The failure to prioritize workplace safety measures increases the risk of workplace violence. If employees are unaware of safety protocols, they cannot prepare for, or respond to, violence in the workplace. Today we will explore how adequate policies, automation tools, and documentation can protect companies and their employees from violence in the workplace.
Let us begin!
There are many misconceptions surrounding workplace violence. Frequently, workplace violence takes the form of physical altercations or violence, like a mass shooting. As a result, many businesses believe that such incidents will never happen to them. However, violence in the workplace encompasses much more than violent physical incidents, and can happen to anyone, anywhere, at any time.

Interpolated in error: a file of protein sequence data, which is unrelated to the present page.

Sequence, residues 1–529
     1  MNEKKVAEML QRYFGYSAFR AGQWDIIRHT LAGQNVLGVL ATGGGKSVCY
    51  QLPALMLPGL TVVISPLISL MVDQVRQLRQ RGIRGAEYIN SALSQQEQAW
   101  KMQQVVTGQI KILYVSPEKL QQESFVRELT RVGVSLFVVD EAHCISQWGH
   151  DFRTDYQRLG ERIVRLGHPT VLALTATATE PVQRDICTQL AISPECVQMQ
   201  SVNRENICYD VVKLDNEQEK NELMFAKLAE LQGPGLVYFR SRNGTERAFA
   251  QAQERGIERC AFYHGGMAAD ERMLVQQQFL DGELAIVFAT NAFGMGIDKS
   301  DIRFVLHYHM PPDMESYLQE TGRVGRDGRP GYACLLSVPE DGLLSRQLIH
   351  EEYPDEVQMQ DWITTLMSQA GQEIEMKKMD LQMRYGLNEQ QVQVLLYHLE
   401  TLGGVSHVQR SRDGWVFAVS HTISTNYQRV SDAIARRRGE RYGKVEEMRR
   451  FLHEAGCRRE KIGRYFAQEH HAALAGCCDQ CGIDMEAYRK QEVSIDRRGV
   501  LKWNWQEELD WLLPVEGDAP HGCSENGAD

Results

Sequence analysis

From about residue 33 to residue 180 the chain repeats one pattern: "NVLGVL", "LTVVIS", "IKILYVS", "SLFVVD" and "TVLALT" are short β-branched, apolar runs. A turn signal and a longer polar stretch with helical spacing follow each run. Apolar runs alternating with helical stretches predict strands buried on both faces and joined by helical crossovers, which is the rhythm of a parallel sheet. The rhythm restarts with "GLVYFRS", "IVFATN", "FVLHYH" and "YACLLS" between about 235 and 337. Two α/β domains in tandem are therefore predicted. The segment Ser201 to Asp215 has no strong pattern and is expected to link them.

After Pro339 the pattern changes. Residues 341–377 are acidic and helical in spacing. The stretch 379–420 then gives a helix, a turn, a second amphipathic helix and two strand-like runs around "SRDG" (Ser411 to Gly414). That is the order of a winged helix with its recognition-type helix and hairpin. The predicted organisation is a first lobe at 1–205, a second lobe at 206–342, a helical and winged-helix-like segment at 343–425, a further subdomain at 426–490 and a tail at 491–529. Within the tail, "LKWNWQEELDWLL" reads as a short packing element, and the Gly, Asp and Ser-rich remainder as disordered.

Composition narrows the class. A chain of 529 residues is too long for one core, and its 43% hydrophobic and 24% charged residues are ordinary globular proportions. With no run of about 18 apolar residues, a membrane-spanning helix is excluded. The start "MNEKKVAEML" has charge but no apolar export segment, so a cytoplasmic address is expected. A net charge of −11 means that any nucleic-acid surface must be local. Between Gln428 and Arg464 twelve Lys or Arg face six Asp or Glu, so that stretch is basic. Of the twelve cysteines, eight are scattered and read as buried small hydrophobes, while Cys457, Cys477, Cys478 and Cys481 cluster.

As part of its mandate, OSHA enforces standards that ensure a safe working environment. In accordance with OSHA’s definition, workplace violence includes abusive or threatening behavior at the workplace, harassment, intimidation, or other disruptive acts. Furthermore, businesses that fail to recognize workplace violence risk having poor safety practices, putting their employees and business at risk.
Developing Workplace Violence Policies
Although, employers are responsible for the safety of their employees. Policies and procedures are just the beginning of developing a workplace violence prevention program. Often, there are many other elements involved. As well as following a zero-tolerance policy that entails enforcing appropriate disciplinary measures after violating the rules. Additionally, it should establish a positive work culture that ensures employees have a support system willing to address their concerns and thoroughly prioritize their protection.